Vodafone pledges fix for Snow Leopard 3G modem woes
Carrier caught out, claim users
Vodafone customers have let rip at the carrier for its failure to update its wireless modem software for Mac OS X 10.6 Snow Leopard.
Yesterday, the network operator promised a fully 10.6-compatible version of its Mobile Connect software, but was unable to provide a timeframe for the update's release.
Vodafone confirmed its USB Modem Stick Pro doesn't work with Snow Leopard at all, but said that its other USB modems and its E870 ExpressCard offering will work with Mac OS X 10.6 when the OS is booted with a 32-bit kernel.
Users claimed the code crashes their 10.6 system when a modem is connected.
Snow Leopard supports 64-bit computing more pervasively than any other Apple OS to date. Users with a 64-bit processor - anything with a Core 2 Duo, basically - can run 64-bit apps alongside 32-bit apps. To ensure maximum compatibility with 32-bit device drivers, only Apple's XServe servers boot up by default with a 64-bit kernel - the rest retain a 32-bit kernel, though this has no effect on machines' ability to run 64-bit apps.
Snow Leopard's 64-bit kernel isn't officially supported on MacBooks. And until the vast majority of third-party device drivers have been released in 64-bit versions, it's likely to stay that way. Laptops are the most common users of USB 3G modems.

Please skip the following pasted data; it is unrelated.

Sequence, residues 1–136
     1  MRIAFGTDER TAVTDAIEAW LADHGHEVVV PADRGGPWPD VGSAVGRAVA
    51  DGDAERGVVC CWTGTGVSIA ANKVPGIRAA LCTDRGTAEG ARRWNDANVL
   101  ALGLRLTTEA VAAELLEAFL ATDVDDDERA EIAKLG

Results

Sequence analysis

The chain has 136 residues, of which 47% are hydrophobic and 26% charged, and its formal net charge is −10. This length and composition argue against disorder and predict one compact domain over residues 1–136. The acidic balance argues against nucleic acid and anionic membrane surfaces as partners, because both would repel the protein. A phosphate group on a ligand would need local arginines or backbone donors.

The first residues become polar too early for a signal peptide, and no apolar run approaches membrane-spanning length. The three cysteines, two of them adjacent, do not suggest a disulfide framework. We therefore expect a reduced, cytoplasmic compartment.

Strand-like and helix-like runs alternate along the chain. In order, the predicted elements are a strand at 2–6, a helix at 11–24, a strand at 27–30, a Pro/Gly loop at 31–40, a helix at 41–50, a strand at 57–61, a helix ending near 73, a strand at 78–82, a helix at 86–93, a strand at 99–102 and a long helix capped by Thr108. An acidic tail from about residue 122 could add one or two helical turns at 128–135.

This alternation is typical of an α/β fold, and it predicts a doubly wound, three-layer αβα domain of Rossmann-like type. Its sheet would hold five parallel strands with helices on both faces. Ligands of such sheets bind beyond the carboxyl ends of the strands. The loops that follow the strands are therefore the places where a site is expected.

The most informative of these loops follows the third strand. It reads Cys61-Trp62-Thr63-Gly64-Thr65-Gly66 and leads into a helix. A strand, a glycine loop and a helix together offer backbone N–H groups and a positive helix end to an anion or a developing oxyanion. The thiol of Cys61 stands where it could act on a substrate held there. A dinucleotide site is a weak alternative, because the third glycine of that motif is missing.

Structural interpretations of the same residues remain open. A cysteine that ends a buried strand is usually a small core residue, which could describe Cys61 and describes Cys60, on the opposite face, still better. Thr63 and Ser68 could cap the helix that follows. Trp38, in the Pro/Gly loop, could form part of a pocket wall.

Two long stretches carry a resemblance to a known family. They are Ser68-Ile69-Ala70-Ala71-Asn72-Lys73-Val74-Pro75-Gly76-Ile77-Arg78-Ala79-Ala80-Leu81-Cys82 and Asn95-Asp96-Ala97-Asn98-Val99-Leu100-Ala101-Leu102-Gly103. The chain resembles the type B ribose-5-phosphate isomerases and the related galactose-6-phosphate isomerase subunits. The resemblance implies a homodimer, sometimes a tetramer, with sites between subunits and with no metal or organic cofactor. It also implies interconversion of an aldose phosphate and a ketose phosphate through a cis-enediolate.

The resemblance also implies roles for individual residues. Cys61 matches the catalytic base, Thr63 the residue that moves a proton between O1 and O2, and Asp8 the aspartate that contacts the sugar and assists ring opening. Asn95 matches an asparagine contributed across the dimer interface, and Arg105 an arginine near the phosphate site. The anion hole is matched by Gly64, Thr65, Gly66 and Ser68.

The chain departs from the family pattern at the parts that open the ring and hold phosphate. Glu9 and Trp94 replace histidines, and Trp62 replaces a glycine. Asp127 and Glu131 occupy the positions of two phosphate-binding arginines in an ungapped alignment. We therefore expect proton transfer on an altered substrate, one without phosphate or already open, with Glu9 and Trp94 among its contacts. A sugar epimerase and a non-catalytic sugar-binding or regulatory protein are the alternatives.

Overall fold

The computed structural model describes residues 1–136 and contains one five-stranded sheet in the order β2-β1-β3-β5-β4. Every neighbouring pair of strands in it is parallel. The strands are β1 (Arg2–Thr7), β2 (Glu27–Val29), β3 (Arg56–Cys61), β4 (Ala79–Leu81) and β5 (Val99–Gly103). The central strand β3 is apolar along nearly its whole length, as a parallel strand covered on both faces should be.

But it's not just drivers that are causing woes. Vodafone admitted that Mobile Connect front end needs to be re-installed after users upgrade to Snow Leopard. Even then, some elements won't work, it confessed.
The new version should fix this, but what has got most punters annoyed is the fact that they believe Vodafone should have seen this coming. Pre-release versions of Snow Leopard have been available to developers to use for testing for months.
Early access to upcoming OS X releases is available for a $499 (£243) membership fee - not a lot for a company of Vodafone's size to cough up to keep its monthly fee paying customers happy.
Fortunately, Snow Leopard is out now and can be had for a mere 25 quid.
It seems Vodafone may have been waiting for the lower price. "The UK support team tell me that they are waiting for a copy of Snow Leopard to arrive at their office so that they can load it on a Mac and start testing," claimed one poster on Vodafone's public forum. ®
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